I must make a confession: the vast majority of deer I whacked were shot with jacketed bullets. The methods and time of the year were not always according to Hoyle. Then again, I am convinced that Hoyle didn't like to eat deer flesh as much as I once did. The cast bullet deer all died like the jacketed shot ones did. But, they didn't die as quick. I enjoy cast bullets but I ain't gonna lie.......jacketed bullets work better. But cast bullets work well and you just have to understand the quirks of the bullet. I wouldn't hesitate to use a cast bullet on anything that lives, given an appropriate caliber. Lots of elephants and rhinos have died due to lead poisoning way over a hundred years ago.....you ever see a 4 bore gun? I have. No doubt, it kills on both ends. I have no doubt an elephant would succumb when whacked with that giant lead projectile. As I recall, the bullet looked like a lead 37 mm cannon bullet...roundnosed of course. The case looked like a brass shotgun shell....only about 4 inches long. That gun used to be on display at Jaquas Guns up in Ohio. Belonged to some Indian Maharajah in the 1880's. Had a twin gun in 8 bore to go with it. I think he traded it in for a Weatherby 460 after the bullets bounced off a couple buffs.....har!
06-04-2005, 04:59 PM
Mind moving those pictures, it won't let me view them.
06-04-2005, 05:47 PM
Mind moving those pictures, it won't let me view them.
06-04-2005, 06:28 PM
TCLouis---when you see the main character in the center of those picures you'll be wishing you left well enough alone.
On deer, I have always had complete luck with cast, using as the lowest
power rating, the 6.5X55 at about 1700 fps, with air cooled WW bullets. First shot made a golf ball size hole through the lungs, which is just about perfect. A second, unnecessary shot, made a four inch star shaped wound through the liver. The buck would have just stood there and died after the first shot, had I given it a few moments. However, I had not used that small of caliber with cast on deer before, and just added some insurance.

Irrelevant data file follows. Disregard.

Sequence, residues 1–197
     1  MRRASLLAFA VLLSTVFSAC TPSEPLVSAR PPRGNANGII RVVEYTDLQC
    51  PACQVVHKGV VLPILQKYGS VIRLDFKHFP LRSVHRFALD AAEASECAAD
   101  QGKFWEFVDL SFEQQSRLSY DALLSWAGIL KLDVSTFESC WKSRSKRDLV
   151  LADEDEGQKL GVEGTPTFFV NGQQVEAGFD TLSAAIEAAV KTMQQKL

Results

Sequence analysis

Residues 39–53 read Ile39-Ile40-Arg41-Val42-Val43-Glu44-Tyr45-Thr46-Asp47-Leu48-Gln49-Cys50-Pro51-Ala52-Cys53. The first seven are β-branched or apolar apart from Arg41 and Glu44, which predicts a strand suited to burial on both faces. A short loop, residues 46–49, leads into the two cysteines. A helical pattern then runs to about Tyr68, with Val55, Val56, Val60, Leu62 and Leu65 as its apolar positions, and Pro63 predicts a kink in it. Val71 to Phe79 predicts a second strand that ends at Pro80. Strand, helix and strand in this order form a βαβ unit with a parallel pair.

You have aroused my curiosity, what boolit were you using?-JDL
06-04-2005, 09:39 PM
I was using the Lyman, I believe 160 gr. bullet. I was bumping the noses slightly, to fill the throat for best accuracy. I've not got around to working with the Oldfeller Cruise Missile in the Swedes much yet, but will probably give them a go at deer in the future.
06-04-2005, 09:59 PM
You've only shot ONE truckload with cast. Carpetmans', to be sure, but still only one.
You are right about killing somewhat slower.
I've had some drop in thier tracks, and the others pretty much stay where they are until they get tired and decide to go to sleep. I notice with these, as long as you don't make any outrageous movement, or noise, stay put. A hit with a high power jacketed load seems to put an animal into flight many times. The ones hit with cast become lethargic, then die. Hit major bone structure, and they are down pretty much immediately. The lower report of a cast bullet load doesn't seem to panic an animal like the crack of high velocity.
I'd guess under twenty secounds for deer, and I'm not sure on the last elk I killed, as time was moving in slow motion, with so many elk standing around me at close range. I've never tracked either one over maybe thirty yards after a hit. In reality, I guess the last elk was down in thirty seconds, and dead shortly after. The one I killed a year or two ago doesn't really count for knowing killing effect, as it was probably less than five yards from me, when I shot it in the neck to drop it, before it ran over me. Spine shots are immediately fatal.
06-05-2005, 04:05 AM
You are right about killing somewhat slower.
I've had some drop in thier tracks, and the others pretty much stay where they are until they get tired and decide to go to sleep. I notice with these, as long as you don't make any outrageous movement, or noise, stay put. A hit with a high power jacketed load seems to put an animal into flight many times.